Most dynamic websites are created not only with one of these programming languages but with the two of them.
What Is PHP Used For?
PHP was developed in 1994 by Rasmus Lerdorf; its name originally came from Personal Home Page, and it was a set of scripts used by Rasmus to track visits to his site. Nowadays, PHP stands for Hypertext Preprocessor, and it’s an open-source scripting language for back-end development.
PHP is used to manage dynamic content, databases, session tracking, and e-commerce sites. According to W3Tech’s data, PHP is currently used by 78.9% of all websites with a known server-side programming language. This means that 8 out of 10 websites you visit on the web are using PHP. And in terms of market share, 78.9% means 20 million websites and applications using PHP.
PHP developers can:
- Create dynamic content.
- Open, write, read, delete and close files on the server.
- Receive and send cookies.
- Collect data from forms.
- Modify database information.
- Perform data encryption.
Companies such as Facebook, Wikipedia, Slack, WordPress, and MailChimp are currently using PHP.
- Create interactive features and forms for websites.
- Develop mobile applications (nowadays. JS is no longer exclusive for websites).
- Create web browser-based games.
- Back-end web development.
➡️ If you’re looking to hire a PHP developer and don’t know where to start check out our blog post How to hire a PHP developer!
1. Server-Side vs Client-Side scripting
PHP is a server-side scripting language – which means that it interprets scripts on the server-side rather than on the client-side. This type of scripting is used at the backend, where the source code is not hidden at the client-side (browser). Server-side scripting is also useful in customizing the web pages and implementing dynamic changes on the website.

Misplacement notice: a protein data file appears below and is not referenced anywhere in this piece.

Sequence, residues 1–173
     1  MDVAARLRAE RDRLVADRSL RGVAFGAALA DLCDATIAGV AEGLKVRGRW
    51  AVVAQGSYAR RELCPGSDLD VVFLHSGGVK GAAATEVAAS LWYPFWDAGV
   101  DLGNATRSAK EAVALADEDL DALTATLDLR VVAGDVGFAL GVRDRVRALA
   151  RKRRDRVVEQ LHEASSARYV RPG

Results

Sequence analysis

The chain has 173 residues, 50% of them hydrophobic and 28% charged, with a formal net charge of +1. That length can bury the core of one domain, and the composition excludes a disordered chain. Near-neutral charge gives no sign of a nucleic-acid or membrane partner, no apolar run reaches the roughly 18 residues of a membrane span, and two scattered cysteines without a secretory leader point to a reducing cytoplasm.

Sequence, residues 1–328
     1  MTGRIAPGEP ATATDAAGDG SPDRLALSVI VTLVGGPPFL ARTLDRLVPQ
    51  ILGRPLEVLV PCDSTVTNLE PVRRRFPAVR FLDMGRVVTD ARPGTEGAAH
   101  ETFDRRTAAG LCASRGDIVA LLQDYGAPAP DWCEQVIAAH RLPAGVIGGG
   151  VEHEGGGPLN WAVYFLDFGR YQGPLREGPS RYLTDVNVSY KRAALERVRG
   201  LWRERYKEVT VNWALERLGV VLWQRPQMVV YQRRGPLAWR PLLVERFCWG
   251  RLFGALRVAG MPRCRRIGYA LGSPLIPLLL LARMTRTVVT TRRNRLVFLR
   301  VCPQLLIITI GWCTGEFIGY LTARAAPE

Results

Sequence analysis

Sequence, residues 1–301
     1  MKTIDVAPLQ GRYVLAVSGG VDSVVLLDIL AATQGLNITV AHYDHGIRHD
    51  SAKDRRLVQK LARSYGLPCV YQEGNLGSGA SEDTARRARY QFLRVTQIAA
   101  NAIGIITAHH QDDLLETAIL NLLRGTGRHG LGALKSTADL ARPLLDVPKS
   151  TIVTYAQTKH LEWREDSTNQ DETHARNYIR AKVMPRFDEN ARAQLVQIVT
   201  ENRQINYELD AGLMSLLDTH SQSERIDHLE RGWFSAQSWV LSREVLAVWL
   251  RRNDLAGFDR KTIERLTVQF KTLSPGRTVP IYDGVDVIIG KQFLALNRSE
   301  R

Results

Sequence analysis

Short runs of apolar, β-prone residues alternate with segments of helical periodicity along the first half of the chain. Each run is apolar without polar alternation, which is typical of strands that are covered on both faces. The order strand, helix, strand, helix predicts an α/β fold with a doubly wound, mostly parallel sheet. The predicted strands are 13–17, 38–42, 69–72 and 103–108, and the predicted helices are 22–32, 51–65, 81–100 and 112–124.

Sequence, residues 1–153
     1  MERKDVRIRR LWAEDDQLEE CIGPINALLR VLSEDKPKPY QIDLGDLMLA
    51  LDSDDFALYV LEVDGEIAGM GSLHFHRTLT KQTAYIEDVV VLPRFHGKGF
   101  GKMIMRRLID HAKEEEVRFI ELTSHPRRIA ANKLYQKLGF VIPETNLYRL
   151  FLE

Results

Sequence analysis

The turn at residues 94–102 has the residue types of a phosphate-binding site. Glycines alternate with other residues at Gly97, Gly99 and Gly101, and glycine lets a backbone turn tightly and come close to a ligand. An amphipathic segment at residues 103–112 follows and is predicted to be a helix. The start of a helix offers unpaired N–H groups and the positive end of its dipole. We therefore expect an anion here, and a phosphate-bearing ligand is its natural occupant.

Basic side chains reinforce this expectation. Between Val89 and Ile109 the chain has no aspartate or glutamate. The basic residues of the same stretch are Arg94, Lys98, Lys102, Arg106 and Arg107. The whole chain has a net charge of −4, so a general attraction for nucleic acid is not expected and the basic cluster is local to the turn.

PHP has all the server-side functions such as building custom web content, authenticating users, displaying results, and overall managing requests.
PHP includes multi-threaded that is synchronous by nature. This means that it blocks input/output to perform multiple tasks simultaneously with a systematic approach. In simpler words, despite being ‘multi-threaded’, developers can’t execute the second line of code until the first one is, making it slower than other languages.
If you’re looking to build a dynamic web page, PHP is the programming language you’re looking for. But if you’re looking for a scripting language with more functionalities, likely JS is the better option.
5. Database Integration
Now you might be asking: are databases useful because…? They are helpful in terms of searching, sorting, and filtering information to present to a user. For example, if you’re trying to build an e-commerce, analyzing the data can give you information about how the users interact with the products.
Here’s a table that sums up the main differences among both programming languages:
|Server-side scripting language||Client-side scripting language|
|Back-end||Back-end and Front-end|
|Multithreaded language||Single-threaded language|
|Builds high-level interactive web pages||Builds user-friendly creative web pages and other software products|
|Slow performance||Fast performance|
|Best for e-commerce and other CMS websites||Best for SPAs|
|Database integration||Doesn’t have database integration|
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